# Determining slope and Y-Int

• Dec 17th 2007, 03:12 PM
hemi
Determining slope and Y-Int
So... I've been away from the math world for sometime and I need some help here.

I have this graph:

And I need to determine the slope and y intercept on it, can someone please tell me how I would do that in good detail so I can remember this stuff? :)

Edit: Hahha I think I remembered, for slope would this be right...
m= (6, 3) / (8, 2) = 0.5

So would 0.5 be the slope if I used those two points?

Still forgot how to find Yint though haha.

Thanks!
• Dec 17th 2007, 03:57 PM
colby2152
Keep in mind the slope is actually -0.5. Slope is rise over run (from left to right). It rises negative 1 or drops 1 and runs 2.

$\displaystyle m=\frac{-1}{2}$

There are a number of ways you can find the y-intercept. Let's stick with the slope intercept form.

$\displaystyle y=mx+b$
$\displaystyle 3=-.0.5(6)+b$
$\displaystyle b=6$

I plugged in the coordinates (6, 3) and used the slope -0.5 that we figured out already. If those coordinates are correct, then your graph is wrong.
• Dec 17th 2007, 06:39 PM
hemi
So... how is my graph wrong? Lets try it out with different coordinates...

8,2
4,4 are the coordinates

so we write...
8-2=6
4-4=0

m = 6 ?

then what?

What coordinates would make this graph work?
• Dec 17th 2007, 06:59 PM
colby2152
Quote:

Originally Posted by hemi
So... how is my graph wrong? Lets try it out with different coordinates...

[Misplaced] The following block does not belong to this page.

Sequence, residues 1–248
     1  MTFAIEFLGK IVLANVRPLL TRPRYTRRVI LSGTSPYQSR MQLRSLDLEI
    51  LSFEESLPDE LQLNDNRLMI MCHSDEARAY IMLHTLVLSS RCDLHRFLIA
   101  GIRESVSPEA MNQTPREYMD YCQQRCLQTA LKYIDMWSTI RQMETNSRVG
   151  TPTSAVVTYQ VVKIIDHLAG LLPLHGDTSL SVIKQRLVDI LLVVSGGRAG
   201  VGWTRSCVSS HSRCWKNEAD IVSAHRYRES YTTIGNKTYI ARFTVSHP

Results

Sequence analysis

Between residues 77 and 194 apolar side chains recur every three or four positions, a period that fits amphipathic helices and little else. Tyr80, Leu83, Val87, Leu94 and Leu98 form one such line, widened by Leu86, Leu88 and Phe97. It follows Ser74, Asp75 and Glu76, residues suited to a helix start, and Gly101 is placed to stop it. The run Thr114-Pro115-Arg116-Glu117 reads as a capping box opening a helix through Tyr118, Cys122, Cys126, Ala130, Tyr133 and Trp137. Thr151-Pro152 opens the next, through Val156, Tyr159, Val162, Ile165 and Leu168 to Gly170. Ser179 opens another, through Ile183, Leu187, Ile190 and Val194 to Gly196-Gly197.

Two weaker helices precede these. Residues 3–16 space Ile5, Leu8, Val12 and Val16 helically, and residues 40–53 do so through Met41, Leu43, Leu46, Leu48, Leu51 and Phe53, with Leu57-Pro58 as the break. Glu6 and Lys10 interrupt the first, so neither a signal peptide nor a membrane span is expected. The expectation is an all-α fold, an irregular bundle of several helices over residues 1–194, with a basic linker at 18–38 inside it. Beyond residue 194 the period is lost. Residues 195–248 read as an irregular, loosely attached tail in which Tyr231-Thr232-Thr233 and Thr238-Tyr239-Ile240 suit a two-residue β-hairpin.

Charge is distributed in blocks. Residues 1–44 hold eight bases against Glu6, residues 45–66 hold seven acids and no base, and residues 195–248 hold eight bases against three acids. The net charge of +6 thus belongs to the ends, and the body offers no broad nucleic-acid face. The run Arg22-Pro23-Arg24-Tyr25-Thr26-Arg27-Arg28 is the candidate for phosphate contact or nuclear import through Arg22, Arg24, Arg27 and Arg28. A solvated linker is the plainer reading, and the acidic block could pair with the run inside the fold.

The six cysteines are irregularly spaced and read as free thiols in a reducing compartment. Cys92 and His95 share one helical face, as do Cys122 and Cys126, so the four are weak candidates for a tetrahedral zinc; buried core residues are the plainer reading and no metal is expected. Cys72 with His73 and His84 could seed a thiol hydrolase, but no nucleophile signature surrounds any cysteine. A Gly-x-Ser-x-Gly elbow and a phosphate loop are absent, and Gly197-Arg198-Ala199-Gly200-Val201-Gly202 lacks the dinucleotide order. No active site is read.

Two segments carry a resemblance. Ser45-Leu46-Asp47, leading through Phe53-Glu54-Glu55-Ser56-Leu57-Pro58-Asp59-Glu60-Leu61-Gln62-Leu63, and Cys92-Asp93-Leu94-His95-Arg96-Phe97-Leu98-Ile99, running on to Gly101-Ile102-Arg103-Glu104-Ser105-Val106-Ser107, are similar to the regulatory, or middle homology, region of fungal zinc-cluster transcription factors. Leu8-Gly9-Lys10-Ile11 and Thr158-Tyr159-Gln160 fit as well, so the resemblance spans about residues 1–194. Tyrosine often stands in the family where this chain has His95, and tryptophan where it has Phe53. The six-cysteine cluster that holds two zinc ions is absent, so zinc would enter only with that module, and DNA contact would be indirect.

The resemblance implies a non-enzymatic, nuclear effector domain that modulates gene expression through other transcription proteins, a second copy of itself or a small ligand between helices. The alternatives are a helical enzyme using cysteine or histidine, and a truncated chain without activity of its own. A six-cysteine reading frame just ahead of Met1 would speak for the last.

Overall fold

8,2
4,4 are the coordinates

so we write...
8-2=6
4-4=0

m = 6 ?

then what?

What coordinates would make this graph work?

You gave coordinates (6, 3)... If you meant (3, 6) [which would match your graph], then my answer is incorrect. In that case, the y-intercept would be 12. You can even see that in the graph you gave.
• Dec 17th 2007, 07:30 PM
hemi
Quote:

Originally Posted by colby2152
You gave coordinates (6, 3)... If you meant (3, 6) [which would match your graph], then my answer is incorrect. In that case, the y-intercept would be 12. You can even see that in the graph you gave.

Ok I see. So lets try this again here...

M = 3, 6/ 2, 8

= 3/6 = 2

So slope = 2

And Y-Int:
y=mx+b

6 = 2(3) + b
b = ?

What would b equal and are my calculations all correct in and intact with this graph I have here?

Thanks a lot for your help btw... :)
• Dec 17th 2007, 08:55 PM
Looking at your graph, it is clear that it passes through 2 points: (0,12) and (6,0). The y-intercept is the point where x = 0, in this case you can just read it off the y-axis as 12.

the gradient is given by the formula $\displaystyle \frac {rise}{run}$or if you find it clearer this way $\displaystyle \frac {y_2-y_1}{x_2-x_1}$

$\displaystyle \frac {0-12}{6-0} = -2$
• Dec 18th 2007, 07:45 AM
hemi
thanks a lot bro!

But I like the y = mx+b equation....

So how would I plug in the coordinates you gave me into that and get the Y-Int of 0?

Thank you SO much for helping!
• Dec 18th 2007, 07:52 AM
colby2152
You know the slope is $\displaystyle m=-2$ and you have a point on the line. Use the (x, y) coordinates of a point on the line, plug the points and the slope into the equation, and chug!
• Dec 18th 2007, 08:00 AM
hemi
Thing is, I don't know how to "chug".. Would you mind explaining that to me in the simplest terms possible?
Sorry for being a pest, really. :(

One more question though, say I have the graph...

and I pick the points 10, 10 and 8, 8 -- I would then write:
m = 8 - 8/10-10 = 0 ?
Is that possible? If not what points would make this graph work?
• Dec 18th 2007, 05:25 PM
Quote:

thanks a lot bro!

But I like the y = mx+b equation....

So how would I plug in the coordinates you gave me into that and get the Y-Int of 0?

Thank you SO much for helping!
The y intercept is the y value where x = 0. So just substitute y = m0+b
so y=b.

Quote:

so m = $\displaystyle \frac {8-10}{8-10}$
=$\displaystyle \frac {-2}{-2}$